No doubt, after graduating from his doctoral programme in 2016, Dr. Austin could have secured a postdoctoral fellowship in another globally renown university.  He, however made the decision to come home to the Cave Hill Campus when a position for a Lecturer in Biochemistry opened up.  This decision created the opportunity to give back to his alma mater and to his country, as well as to be close to his loved ones and friends.

 
Future Research
For the future, Dr. Austin is especially interested in learning more about mitochondria, in essence how cells in human and other organisms are provided with energy to carry out their functions.  Much of the research on the role and operation of mitochondria dates back to the 1960’s, so many research avenues exist as this field increases in popularity.
 
Dr. Austin receiving the prestigious Austrian Academy of Science DOC fellowship in the Festival Hall of the Austrian Academy of Sciences.
Cognisant of the particular issues faced by the Caribbean region and the world with respect to the Zika virus, Dr. Austin joined a research team led by Professor Christoph Steininger in 2016.  This very exciting project is using informatics to predict where Zika outbreaks are likely to occur in Barbados. Provided that the team can develop a big data algorithm to accurately predict Zika hotspots for the island, this knowledge can be translated to pinpoint where the virus will present in larger geographical spaces such as countries and continents. 

Dr. Austin is also gunning for the Giant African Snail. Whereas quite a bit is known about the metabolism of hibernating mammals such as bears; much less has been discovered about the estivation  (hibernation during the hot months) of pests such as the Giant African snail using systems biology techniques.  In studying the snail’s metabolism during estivation, he is hoping to develop a superior pesticide for control and/or eradication.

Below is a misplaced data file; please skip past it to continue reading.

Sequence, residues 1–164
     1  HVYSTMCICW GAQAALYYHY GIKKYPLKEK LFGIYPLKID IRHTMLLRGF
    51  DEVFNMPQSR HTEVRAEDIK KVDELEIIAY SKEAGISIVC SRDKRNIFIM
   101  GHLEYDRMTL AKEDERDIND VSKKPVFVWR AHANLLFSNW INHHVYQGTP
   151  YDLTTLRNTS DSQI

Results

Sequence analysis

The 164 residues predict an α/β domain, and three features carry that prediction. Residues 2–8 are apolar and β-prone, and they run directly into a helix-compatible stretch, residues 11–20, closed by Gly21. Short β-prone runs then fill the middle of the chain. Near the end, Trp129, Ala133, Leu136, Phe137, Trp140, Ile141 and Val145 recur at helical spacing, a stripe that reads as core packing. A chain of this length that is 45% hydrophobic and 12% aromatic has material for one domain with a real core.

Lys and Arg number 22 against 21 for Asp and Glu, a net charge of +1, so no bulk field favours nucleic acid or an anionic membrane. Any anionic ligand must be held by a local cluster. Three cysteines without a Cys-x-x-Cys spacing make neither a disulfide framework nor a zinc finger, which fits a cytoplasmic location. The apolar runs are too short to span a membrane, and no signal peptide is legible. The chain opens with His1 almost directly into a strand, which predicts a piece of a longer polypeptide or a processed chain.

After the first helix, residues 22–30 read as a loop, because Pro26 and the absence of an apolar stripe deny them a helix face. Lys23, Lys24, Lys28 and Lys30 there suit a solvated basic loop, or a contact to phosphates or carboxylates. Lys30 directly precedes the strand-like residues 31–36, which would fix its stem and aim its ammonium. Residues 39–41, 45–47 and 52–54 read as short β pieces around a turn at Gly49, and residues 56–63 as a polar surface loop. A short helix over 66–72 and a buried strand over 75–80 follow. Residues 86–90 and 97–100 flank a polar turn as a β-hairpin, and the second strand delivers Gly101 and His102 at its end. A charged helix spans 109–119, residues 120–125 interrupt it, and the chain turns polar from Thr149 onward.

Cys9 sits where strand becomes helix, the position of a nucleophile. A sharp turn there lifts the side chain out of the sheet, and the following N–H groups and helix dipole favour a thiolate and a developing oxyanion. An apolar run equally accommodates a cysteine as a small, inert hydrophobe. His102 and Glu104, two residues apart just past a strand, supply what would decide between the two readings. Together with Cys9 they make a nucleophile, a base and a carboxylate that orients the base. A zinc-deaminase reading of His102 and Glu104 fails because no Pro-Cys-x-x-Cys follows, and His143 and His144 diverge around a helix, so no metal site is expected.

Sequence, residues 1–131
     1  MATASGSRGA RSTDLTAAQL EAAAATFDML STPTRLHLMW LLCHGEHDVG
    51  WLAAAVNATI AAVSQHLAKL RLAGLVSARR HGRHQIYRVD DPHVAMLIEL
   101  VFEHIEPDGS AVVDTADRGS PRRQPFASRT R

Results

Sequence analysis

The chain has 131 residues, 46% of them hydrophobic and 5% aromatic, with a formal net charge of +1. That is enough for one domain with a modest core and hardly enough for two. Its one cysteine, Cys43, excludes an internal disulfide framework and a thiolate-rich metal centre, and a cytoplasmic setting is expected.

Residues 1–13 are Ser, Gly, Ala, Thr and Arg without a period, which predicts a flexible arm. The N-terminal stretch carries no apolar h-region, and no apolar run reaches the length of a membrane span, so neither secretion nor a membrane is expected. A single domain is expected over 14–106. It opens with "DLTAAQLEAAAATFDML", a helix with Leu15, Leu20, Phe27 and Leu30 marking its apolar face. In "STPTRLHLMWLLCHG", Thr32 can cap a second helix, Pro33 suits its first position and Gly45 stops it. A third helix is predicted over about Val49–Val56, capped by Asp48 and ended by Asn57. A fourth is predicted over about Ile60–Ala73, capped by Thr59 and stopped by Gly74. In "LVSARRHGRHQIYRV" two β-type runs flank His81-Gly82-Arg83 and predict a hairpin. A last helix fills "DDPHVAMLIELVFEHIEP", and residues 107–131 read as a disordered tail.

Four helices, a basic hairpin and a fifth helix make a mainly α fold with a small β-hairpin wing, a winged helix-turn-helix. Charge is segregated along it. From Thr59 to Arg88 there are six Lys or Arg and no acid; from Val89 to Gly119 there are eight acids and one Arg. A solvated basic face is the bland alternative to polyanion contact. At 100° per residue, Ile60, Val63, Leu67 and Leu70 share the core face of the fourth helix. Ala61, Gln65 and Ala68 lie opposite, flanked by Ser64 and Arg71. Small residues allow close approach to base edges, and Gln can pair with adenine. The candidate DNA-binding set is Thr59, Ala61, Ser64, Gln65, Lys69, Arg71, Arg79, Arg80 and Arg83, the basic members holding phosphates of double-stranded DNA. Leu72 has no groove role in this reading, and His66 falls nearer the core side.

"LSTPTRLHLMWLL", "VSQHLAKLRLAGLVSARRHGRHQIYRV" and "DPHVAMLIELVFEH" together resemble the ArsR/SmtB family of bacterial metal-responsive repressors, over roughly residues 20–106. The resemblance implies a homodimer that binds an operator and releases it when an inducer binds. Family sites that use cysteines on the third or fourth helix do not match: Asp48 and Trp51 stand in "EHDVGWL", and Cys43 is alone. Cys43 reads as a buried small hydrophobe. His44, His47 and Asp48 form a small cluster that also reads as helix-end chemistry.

Though not actively researching the influence of bacteria on cancer, his interest is piqued by the findings coming from a small number of cancer researchers who are making strides in this area.  He maintains that the heterogeneity of cancer mandates the investigation of all potentially probable causes. 

Hobbies and Interests 
Despite being busy with teaching and research, Dr. Austin still tries to make time to practice yoga as a means of exercise and relaxation.  He also finds great enjoyment in reading, as is expected of those with a strong curiosity to learn about new processes, places and things. 
Celebrating after hiking to the top of a hiking trail in the Prein an der Rax region of Lower Austria during a lab retreat.


The Way Forward
Dr. Austin has every intention of collaborating with his expert colleagues at Cave Hill Campus as well as with dedicated research students who share similar interests and passion. He is particularly interested in collaborating on investigations into the role of mitochondria, bioenergetics and metabolism in the development of cancer. The Cave Hill Campus looks forward to the strides that will be made as these research partnerships are established and begin their quest for answers and solutions.

Click here to view some of the research done by Dr. Austin »